I did say that I would be going around in circles for quite some time!
The stitching of the “dapples” in the same colour as the background give him a slightly thicker coat than a modern race horse, and I am hoping that the alternation of the textures will help knit the piece together, creating a a sort of counterchange: the shield and saddlecloth smooth, like the top of the wall and the path beneath his hooves, while the walls and horse are slightly rough, bouncing the light in different directions.
Incidentally, while I’m working this section, I’ve been thinking and planning for the “frame”, and the ideas keep changing beneath my feet. So if you were wondering where my plans were – the answer is “in flux”!
You may recall that I started on the horse in the canvaswork, and then suffered from Doubts. I thought it looked an unholy mess, and diverted my thoughts to the fence by the cottage. Which turned out very pleasingly, which is always a relief.
Then my cousin made a passing comment that helped me unstick the problem – she said that there are two conversations going on in the picture, one between the man and the woman, the other between the dog and the horse. That being the case, it seemed to me that I should maybe use the same technique for the dog and the horse, even the same sort of thread, so as to highlight the conversation.
I wanted to create the impression of fur, but nothing too shaggy, so while I wrestled with unpicking the horse, I started on the dog. Stranded cotton, separated and recombined using several close colours (I have a lot of stranded cotton, so this is all still stash), and then worked upward from the feet and the end of the tail in something a bit like long and short stitch.
I think this has worked well. We have friends whose dog is a similar shape and colouring to this one, and it was fun to sit and stitch with her in mind.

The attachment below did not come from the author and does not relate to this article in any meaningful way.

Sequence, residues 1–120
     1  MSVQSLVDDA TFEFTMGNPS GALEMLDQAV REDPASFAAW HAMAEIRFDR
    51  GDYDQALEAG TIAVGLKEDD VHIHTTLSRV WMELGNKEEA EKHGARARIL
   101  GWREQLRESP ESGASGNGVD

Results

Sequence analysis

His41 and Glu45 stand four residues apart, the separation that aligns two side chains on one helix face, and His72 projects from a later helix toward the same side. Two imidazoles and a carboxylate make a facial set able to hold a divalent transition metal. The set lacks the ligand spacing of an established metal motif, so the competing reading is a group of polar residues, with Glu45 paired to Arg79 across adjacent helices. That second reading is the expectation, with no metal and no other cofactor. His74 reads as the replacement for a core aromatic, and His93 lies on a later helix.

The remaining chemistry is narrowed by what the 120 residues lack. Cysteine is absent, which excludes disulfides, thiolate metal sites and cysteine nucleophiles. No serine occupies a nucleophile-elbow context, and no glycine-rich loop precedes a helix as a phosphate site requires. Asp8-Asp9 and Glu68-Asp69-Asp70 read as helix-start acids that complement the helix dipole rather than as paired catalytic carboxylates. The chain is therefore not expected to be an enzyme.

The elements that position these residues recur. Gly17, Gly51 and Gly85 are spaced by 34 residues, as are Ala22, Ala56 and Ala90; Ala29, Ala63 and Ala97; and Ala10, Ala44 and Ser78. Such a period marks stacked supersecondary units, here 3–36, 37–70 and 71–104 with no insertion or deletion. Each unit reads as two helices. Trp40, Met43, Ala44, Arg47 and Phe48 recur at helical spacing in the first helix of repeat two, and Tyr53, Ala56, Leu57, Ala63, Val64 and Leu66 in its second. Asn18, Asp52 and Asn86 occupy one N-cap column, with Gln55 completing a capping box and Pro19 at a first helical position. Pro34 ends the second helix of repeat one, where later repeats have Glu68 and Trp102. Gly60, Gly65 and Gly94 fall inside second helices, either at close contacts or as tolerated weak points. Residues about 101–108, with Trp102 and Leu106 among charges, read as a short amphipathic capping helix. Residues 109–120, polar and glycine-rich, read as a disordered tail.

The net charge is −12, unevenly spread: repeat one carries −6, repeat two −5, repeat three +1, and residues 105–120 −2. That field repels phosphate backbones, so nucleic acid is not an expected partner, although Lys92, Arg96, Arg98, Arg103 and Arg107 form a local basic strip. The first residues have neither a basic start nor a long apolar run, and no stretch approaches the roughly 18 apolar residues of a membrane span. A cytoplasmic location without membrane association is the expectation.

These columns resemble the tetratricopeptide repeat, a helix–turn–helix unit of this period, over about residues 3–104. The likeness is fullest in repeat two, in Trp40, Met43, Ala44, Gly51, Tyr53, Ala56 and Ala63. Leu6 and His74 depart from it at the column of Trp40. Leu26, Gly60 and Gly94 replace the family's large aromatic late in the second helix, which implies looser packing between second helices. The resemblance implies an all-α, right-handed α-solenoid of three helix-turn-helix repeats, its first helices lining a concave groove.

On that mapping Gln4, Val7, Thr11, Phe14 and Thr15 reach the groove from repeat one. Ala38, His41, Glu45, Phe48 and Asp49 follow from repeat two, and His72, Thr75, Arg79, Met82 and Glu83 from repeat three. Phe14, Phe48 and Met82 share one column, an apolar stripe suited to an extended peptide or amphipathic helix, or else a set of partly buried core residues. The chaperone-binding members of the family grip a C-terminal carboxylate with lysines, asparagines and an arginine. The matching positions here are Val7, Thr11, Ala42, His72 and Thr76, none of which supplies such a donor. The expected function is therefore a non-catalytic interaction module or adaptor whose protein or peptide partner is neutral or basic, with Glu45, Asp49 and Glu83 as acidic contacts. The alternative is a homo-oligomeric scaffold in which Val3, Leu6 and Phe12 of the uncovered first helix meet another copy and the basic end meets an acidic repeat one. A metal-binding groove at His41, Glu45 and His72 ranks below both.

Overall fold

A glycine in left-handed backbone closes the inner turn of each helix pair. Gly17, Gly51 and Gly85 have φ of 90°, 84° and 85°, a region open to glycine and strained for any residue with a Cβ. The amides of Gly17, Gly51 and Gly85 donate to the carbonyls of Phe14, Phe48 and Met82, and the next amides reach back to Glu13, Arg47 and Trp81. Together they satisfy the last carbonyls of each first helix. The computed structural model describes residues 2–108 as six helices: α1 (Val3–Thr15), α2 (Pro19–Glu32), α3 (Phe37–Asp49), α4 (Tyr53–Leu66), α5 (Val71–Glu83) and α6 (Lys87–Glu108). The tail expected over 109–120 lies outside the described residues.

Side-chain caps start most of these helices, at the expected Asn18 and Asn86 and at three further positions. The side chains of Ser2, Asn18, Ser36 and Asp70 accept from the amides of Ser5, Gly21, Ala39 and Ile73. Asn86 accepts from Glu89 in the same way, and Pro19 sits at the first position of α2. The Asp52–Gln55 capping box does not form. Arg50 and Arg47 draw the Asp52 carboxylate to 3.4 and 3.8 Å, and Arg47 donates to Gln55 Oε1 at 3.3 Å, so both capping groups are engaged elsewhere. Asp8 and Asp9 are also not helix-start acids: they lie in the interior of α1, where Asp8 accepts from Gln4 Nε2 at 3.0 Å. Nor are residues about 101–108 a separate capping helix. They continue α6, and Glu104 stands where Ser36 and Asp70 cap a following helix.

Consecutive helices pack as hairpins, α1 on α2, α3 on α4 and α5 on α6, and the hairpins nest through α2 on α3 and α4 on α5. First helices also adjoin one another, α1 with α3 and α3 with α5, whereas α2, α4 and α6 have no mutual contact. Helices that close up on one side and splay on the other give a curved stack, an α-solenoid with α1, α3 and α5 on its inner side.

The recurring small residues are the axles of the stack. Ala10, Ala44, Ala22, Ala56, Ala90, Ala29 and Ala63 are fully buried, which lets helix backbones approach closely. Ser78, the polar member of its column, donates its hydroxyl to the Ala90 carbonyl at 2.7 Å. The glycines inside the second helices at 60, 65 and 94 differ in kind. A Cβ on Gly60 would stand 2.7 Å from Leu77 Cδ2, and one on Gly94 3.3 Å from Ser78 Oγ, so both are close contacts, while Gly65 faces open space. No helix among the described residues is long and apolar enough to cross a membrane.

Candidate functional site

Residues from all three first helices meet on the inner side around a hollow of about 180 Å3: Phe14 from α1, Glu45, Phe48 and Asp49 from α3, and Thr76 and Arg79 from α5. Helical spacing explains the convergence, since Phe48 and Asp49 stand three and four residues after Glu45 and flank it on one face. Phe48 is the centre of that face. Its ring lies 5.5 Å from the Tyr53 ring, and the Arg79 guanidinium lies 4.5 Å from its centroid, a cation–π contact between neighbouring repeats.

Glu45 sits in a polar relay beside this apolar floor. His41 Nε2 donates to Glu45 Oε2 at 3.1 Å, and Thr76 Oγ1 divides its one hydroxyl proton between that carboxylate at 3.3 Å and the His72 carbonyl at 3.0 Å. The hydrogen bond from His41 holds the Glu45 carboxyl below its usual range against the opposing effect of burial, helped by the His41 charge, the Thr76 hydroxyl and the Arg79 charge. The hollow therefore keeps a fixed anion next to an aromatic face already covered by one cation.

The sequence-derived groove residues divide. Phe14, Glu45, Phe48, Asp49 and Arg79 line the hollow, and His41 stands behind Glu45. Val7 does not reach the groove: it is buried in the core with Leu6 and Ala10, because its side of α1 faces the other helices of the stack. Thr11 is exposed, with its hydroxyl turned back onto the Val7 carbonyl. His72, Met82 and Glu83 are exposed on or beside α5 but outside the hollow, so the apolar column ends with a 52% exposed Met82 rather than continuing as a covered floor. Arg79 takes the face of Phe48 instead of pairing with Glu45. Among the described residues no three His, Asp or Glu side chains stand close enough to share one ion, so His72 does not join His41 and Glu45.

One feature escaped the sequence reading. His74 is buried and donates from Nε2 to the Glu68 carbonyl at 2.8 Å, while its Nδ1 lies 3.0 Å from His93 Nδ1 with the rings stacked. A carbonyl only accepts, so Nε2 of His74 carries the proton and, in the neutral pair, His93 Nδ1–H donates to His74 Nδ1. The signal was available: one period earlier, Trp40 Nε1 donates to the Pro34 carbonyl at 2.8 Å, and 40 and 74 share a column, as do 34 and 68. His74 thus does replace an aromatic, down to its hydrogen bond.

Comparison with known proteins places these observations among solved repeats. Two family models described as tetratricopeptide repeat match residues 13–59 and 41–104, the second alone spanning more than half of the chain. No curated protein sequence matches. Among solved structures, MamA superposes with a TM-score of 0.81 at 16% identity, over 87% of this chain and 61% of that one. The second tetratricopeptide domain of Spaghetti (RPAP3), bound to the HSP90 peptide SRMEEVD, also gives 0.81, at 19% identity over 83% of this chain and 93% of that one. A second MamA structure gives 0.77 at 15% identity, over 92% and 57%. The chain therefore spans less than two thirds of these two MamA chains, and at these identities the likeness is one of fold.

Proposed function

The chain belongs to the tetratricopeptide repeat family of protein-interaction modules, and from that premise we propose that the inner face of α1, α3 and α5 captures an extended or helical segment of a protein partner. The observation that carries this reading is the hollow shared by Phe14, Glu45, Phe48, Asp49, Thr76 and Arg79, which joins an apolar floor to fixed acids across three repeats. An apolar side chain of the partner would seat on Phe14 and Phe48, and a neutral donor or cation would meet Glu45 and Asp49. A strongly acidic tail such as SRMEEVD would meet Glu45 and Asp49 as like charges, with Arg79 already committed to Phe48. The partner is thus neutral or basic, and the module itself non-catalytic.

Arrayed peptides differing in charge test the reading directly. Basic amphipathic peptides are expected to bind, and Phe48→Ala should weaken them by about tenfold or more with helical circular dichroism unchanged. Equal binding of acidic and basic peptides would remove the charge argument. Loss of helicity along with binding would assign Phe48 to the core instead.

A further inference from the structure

Of course, an entire horse (I’m calling him “Dobbin”, of course!) is going to take some time to do, since I need to work upwards. But at least I’ve made a good start here, smaller stitches around the hoof, longer stitches, with still longer ones planned, for the tail.
He’s a rough-coated working country horse, not a sleek and shining racehorse, so if the colours are clouded a bit, and the darks and lights not as distinct as they might be, that’s all to the good.
I’ve continued to work on the tent stitch, too, every which way, as it is in the sections already worked when I got the canvas, so the whole thing is getting closer to being finished..
I fished out the blocking board in order to start preparing to block the canvaswork “Constable” when it’s finished, only to meet a roadblock – the blocking board was already occupied!
Now, I recall – vaguely – finding this around the Diamond Jubilee, and thinking that Grandmama might have stitched it, either around the Coronation or around the Silver Jubilee, but then, now I’ve looked at the back, I can’t imagine that Grandmama would have been stitching as messily as this in 1952, given the quality of her stitching during the War, and given that I was very much alive and paying attention during the Silver Jubilee, I’m pretty sure I would have remembered her stitching it then.
And I don’t.
At the same I can I assure you it is too well stitched to have been stitched by me at the time, and besides that, I can assure you that I would absolutely remember attempting to stitch it!
I’ve decided that I am going to try to finish it this year. I’ve no idea who started it, but something begun Who-Knows-When by Who-Knows-Who is going to be finished this year by me.
William’s horse is going to need a name, isn’t he! At the moment, suggestions range from “Woros” (think about it for a moment…!) to “Champion The Wonder Horse” (I imagine his groom calls him Bob!) to “Jeff”, via “Mars”, “Thunderer”, and “Dobbin”. I think “Dobbin” is better suited to the horse in the canvaswork!
As it turned out, the colours I chose didn’t quite shade through each other as I would have wished, since two of them were too close together (however good the pictures, online ordering has hazards), so it took me some time to work out what to do.
That “what” turned out to include fishing out a pale cream from among my Thistle Threads reels, which included some filament silk, fortunately. It’s rather finer than the rest of the silk in this piece, so I need six lengths to match four from those.
I do wonder whether the tail is quite luxuriant enough, but if it looks a bit spindly when the whole thing is finished, I can add more – although stitching over the wall is quite effortful!
Please note, also, the wonderful blued-steel hooves. Unless they are slate!
I know that roans are not usually shown as dappled, but I decided that I wanted some texture in the horse. I’m intending to make the shield as smooth as possible, and I think a bit of surface variation in the horse will increase the contrast.
So, I shall be going round and round in circles for quite some time!